- Thinkific Labs Inc.
- TrackTik Software Inc.
- Translational Research In Oncology
- Trisura Guarantee Insurance Company
In crisis times, Canada's Top Small & Medium Employers have been at their agile best
When the COVID-19 pandemic shut down so many Canadian workplaces in 2020, Canada's Top Small & Medium Employers (SMEs) could fall back on a key element of their continuing success: their agility.
"These are companies that are very fleet of foot," says Richard Yerema, managing editor of Mediacorp Canada, which runs the annual competition. "They were able to move employees off site right out of the gate, early on, where in larger organizations the logistics of shifting the workforce to work from home could be a significant challenge, with multiple layers of employees and different contracts.
"Moreover, the SMEs, often involved in professional services or high tech, were already very well set up. They were building on policies for alternative work arrangements that they already had in place. In fact, often these were not-so-alternative arrangements, where people were regularly working from home at least some days of the week. It only remained to take some equipment home or add subsidies for a full home office."
Agility is indeed a key reason why many employees like working for Canada's Top Small & Medium Employers, and not just in terms of the pandemic. Asked about the advantages of a smaller company, Oksane Kielbasinski of Calgary-based Integrated Sustainability has a ready response: "Without a doubt, the ability to be a first mover," says Kielbasinski, director, environmental, social and governance (ESG), sustainability & risk at the sustainable infrastructure firm. "You can very quickly adapt and evaluate new opportunities coming to the table. It's always being prepared to change your strategy or be prepared to tweak your solution as new opportunities come forward.
"And you don't have to jump through so many bureaucratic hoops to get to some of these solutions," she adds.
At BAM Strategy, a digital-first marketing firm in Montréal, account supervisor Bernande Duré remembers her former job at a large organization. "I was really working pretty much alone," she says. "You would step into the office and it was silence. Everyone was working with their headphones -- no one was talking to each other. When I came to BAM I was very surprised to see the open space, and an environment where you could talk to people and exchange views. It was a diverse potluck of people mixing different opinions and ideas."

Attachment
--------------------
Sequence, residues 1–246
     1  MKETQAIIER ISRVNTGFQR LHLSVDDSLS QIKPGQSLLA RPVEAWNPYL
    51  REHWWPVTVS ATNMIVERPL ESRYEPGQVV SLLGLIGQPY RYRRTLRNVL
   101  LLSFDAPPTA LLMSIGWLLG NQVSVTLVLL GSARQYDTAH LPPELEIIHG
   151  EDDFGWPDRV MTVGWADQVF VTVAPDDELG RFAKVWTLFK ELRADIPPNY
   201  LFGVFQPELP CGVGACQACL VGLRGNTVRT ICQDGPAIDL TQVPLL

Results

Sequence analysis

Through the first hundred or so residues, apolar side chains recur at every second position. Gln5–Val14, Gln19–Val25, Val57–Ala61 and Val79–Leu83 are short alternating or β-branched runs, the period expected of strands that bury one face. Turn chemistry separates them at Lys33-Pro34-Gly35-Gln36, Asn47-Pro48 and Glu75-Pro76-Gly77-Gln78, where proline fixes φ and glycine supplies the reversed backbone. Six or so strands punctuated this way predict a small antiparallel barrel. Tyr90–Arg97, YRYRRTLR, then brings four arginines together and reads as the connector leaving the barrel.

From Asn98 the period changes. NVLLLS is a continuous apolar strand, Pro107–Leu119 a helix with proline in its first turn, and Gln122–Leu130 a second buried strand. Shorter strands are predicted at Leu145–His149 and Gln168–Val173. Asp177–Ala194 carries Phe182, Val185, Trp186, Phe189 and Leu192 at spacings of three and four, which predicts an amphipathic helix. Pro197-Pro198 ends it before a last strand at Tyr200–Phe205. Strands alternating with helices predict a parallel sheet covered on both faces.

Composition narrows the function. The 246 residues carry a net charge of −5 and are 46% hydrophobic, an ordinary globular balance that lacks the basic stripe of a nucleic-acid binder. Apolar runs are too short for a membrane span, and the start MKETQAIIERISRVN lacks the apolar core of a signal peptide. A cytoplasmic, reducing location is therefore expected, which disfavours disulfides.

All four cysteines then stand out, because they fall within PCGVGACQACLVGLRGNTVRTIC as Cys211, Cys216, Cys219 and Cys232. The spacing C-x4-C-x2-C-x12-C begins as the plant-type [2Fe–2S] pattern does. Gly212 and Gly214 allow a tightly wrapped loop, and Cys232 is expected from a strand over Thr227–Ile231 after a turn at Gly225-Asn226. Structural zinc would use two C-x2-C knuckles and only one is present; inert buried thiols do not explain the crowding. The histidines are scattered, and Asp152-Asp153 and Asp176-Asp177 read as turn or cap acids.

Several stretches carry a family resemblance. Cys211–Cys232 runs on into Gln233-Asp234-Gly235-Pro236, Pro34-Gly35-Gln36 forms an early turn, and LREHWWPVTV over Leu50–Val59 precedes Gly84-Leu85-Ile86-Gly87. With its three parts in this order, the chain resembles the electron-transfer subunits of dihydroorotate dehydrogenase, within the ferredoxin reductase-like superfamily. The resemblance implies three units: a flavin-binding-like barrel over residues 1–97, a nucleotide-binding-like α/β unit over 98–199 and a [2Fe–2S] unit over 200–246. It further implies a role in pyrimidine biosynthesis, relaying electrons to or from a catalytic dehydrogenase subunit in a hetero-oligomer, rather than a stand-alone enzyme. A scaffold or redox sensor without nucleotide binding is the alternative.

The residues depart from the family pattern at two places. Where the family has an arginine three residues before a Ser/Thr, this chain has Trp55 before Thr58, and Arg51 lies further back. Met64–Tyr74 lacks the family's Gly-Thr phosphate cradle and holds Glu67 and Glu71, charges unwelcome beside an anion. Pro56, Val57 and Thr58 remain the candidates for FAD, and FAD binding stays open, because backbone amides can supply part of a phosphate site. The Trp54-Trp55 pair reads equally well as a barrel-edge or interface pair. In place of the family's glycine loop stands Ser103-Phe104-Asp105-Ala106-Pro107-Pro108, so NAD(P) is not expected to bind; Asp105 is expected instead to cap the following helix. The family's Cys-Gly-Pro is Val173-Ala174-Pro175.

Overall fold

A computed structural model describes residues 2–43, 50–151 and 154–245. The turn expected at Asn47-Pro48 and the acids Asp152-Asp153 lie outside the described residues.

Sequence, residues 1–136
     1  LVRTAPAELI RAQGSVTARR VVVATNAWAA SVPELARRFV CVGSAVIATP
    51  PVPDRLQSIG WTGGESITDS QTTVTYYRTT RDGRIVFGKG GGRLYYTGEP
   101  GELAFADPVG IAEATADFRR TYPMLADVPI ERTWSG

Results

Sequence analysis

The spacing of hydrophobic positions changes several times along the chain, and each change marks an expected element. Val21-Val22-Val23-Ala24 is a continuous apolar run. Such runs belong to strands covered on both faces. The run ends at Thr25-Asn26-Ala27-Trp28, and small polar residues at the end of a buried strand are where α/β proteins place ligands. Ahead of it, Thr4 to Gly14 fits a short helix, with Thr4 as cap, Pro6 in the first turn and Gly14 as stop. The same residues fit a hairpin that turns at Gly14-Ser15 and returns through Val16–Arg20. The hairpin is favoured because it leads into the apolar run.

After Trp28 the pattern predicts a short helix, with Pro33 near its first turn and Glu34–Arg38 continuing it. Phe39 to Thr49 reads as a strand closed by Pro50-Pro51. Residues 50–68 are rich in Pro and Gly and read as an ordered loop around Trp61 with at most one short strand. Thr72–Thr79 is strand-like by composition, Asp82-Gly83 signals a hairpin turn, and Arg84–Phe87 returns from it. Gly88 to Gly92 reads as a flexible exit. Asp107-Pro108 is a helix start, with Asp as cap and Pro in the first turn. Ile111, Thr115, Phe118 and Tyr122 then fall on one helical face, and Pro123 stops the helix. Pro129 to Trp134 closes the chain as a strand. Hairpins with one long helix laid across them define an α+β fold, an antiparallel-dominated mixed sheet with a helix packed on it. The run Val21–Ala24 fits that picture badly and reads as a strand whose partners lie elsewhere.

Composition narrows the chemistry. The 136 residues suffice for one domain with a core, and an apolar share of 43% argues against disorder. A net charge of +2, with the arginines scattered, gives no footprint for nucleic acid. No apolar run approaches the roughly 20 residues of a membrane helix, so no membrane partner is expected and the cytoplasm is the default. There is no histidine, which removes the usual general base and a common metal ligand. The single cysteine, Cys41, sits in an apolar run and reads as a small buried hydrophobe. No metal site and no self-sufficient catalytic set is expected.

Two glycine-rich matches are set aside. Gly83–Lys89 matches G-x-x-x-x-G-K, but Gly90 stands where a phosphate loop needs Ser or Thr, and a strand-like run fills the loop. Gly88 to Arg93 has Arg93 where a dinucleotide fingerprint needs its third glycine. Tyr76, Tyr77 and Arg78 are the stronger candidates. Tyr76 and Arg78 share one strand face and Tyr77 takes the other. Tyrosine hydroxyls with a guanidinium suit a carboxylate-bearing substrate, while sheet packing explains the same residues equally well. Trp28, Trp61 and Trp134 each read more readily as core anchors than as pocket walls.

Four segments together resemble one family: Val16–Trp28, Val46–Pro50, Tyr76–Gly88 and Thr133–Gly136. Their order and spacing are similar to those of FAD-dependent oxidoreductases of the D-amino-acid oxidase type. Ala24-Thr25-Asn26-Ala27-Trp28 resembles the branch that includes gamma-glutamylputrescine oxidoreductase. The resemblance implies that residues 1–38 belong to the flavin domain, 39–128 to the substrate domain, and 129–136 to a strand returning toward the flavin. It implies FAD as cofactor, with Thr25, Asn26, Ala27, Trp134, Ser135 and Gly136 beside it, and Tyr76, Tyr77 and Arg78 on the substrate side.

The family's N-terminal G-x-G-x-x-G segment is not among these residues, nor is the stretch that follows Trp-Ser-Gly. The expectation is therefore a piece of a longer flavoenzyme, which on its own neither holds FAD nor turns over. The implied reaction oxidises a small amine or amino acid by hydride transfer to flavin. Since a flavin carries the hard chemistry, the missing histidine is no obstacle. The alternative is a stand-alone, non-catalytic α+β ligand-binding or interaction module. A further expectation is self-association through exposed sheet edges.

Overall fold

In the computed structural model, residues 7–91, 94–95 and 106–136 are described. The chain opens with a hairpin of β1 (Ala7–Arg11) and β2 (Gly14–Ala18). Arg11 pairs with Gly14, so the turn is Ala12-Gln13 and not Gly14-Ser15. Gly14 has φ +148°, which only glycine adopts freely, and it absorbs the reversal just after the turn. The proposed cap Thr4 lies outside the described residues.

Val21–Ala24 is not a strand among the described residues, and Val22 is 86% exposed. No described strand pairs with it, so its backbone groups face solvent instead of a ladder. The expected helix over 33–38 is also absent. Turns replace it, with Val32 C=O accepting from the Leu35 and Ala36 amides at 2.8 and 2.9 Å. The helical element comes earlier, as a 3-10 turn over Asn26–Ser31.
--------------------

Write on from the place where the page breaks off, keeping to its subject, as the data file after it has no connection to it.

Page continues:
Her colleague, Vivian Aranda, vice-president of human resources and operations, notes that preserving "the family vibe" is of critical importance, especially when everyone is at home. BAM, like many SMEs, holds a weekly town hall video call, known as BAM JAM, along with employee-led games and trivia, regular team and one-on-one check-ins, and lunch & learn sessions. Integrated Sustainability carries out many of the same events, including its Friday morning "Brewed Awakening" session to go over the week's happenings.
Many top SMEs have also stepped up their benefit support for staff, particularly in employee assistance programs for mental health, but Yerema says an improved standard of benefits is a continuing trend. In fact, it is a hallmark of the 100 winners of the Canada's Top Small & Medium Employers competition. "This isn't just a list of cool businesses," notes Yerema. "These organizations are adding programs like parental and maternity leave top-ups that we see more represented every passing year."
Generous health and parental programs are supposed to be the province of large organizations, but increasingly, SMEs are competing for talent with some of the same attractions. Extended health benefits are pretty much the price of entry for top SMEs. And now, too, "they're figuring out, maybe we can do a maternity and parental top-up like a big employer," says Yerema.
Perhaps the most intriguing development in the contrast between big and small is in time off. Many SMEs now allow employees to take unlimited days for themselves, whether it is called vacation, personal days or sick days. "It's like a combined time-off program," says Yerema. "You decide how to use it. There might be some restrictions on blocks of time, but it's project-based."
Such unlimited-leave policies are a rarity at large employers, but Yerema says that close to 10 per cent of Canada's Top Small & Medium Employers now have such a policy in place.
That, notes Yerema, is one of the important services the SME list provides. "It's designed to help people who are looking for work, of course, but it's also for organizations to figure out how others are responding. Employers learn from one another. This has been an exceptional year, and it's been fascinating to see how it has challenged organizations and put their policies to a real-world test."
And the best, of course, have responded with the agility that has always driven them.